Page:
Volkswagon’s Comeback: Aligning Strategy and Structure

  • Which organizational structure described in chapter 9 does Volkswagen’s “customer oriented” structure most closely resemble?

The definition of a global product division fits to the organizational structure of Volkswagen’s customer oriented structure. In a global product division, the domestic divisions are responsible for the multinational product groups (Melin, 1992). In such kind of structural arrangements these domestic divisions act as profit centers.  The global division act independently from each other as they have different sets of activities to carry out in different countries or regions. Different operations of Volkswagon are divided according to different geographical locations but the domestic division have a control over all of them and acts like headquarters.

  • How might such a structure help or hinder entry into new markets?

The new customer centric structure would help the company make new customers and retain its existing customers. Organizations make customers centric strategies to minimize the gap between the customer expectations and the quality that is offered to them. Research has suggested that customer centrism is one of the most efficient ways to do sustainable business (Sheth, Sethia & Srinivas, 2011). This strategy would also prove to be useful in getting in to new global markets as businesses in international competitions cannot leave any lose end when it comes to taking care of their customers.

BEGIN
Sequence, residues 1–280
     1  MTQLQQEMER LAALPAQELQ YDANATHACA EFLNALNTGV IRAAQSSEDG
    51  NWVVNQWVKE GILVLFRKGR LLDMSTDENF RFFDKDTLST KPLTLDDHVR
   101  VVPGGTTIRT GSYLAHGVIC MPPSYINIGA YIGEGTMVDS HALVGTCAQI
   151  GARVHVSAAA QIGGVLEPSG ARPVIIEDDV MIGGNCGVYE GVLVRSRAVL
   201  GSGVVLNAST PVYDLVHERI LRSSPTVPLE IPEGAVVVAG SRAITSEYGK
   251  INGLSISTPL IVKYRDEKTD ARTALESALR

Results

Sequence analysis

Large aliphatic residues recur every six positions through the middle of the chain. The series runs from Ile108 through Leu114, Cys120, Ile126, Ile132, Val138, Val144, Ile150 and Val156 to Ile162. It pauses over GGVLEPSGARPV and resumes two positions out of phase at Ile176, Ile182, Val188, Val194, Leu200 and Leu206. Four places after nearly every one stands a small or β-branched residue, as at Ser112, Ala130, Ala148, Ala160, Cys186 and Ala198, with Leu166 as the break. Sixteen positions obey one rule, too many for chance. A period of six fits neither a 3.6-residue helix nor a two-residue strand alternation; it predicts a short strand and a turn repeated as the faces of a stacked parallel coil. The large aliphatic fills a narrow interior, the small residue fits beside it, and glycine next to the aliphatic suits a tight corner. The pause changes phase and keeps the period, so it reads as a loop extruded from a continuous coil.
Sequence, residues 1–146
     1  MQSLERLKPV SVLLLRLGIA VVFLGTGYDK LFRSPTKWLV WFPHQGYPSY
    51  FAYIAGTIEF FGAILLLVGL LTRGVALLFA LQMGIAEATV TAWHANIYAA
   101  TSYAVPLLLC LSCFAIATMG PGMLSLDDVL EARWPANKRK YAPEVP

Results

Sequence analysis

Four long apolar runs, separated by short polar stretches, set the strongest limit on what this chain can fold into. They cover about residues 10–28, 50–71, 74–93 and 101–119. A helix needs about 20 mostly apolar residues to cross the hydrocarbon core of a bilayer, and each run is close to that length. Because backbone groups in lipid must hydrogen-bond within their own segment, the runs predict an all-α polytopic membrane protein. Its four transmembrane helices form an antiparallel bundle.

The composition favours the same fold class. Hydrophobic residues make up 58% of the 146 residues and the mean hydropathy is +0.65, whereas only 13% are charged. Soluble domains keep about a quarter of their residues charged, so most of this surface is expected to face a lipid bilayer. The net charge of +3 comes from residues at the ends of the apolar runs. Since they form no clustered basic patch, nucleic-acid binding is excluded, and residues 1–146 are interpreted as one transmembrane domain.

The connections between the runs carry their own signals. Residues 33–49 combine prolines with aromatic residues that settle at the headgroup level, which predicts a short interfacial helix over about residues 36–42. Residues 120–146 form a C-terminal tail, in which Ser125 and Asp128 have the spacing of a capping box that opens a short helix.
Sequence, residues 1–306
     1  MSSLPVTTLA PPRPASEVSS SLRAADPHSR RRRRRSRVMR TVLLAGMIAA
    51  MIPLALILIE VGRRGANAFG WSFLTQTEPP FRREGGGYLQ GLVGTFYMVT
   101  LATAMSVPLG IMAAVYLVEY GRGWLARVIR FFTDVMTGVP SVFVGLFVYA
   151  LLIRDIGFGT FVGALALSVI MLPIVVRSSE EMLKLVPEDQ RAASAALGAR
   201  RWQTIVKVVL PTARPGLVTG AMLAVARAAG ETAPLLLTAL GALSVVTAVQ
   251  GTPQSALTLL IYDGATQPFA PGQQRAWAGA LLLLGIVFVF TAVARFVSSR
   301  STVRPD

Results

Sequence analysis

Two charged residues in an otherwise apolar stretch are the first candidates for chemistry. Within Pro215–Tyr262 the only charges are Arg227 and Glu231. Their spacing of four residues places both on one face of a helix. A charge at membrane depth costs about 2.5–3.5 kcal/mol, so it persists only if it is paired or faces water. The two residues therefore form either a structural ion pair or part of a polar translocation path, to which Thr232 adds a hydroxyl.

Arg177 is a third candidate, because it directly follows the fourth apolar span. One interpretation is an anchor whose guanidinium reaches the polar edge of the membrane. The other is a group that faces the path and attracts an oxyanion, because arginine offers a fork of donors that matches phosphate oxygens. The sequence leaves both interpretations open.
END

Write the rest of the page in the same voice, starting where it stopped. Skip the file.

The customers would have a direct line of communication with the production units via the area managers and their feedback would be valued more as compared to previous when they felt left alone. The ongoing needs of the customers would be met with this strategy as their needs would be more efficiently listened to and addressed. One of the drawback that might still exist is the fact that the regional differences among customers might be overlooked due to a global strategy. It is important to address the norm differences of the customers to better understand their unique needs.

  • Does a matrix or customer-oriented structure lend itself better to forming joint ventures and alliances?

Primarily, it would depend on what kind of a joint venture is formed with any other big or small business. A matrix structure is going to add complexity to the formation of joint ventures. Research suggests that matrix structures may prove to be inefficient when it comes to their interaction with joint ventures in the multinational environment (Goerzen, 2005). In the case of joint ventures being formed on a unit basis instead of an organization basis, the complexity may be a little less which could contribute to making the customer-oriented structure efficient.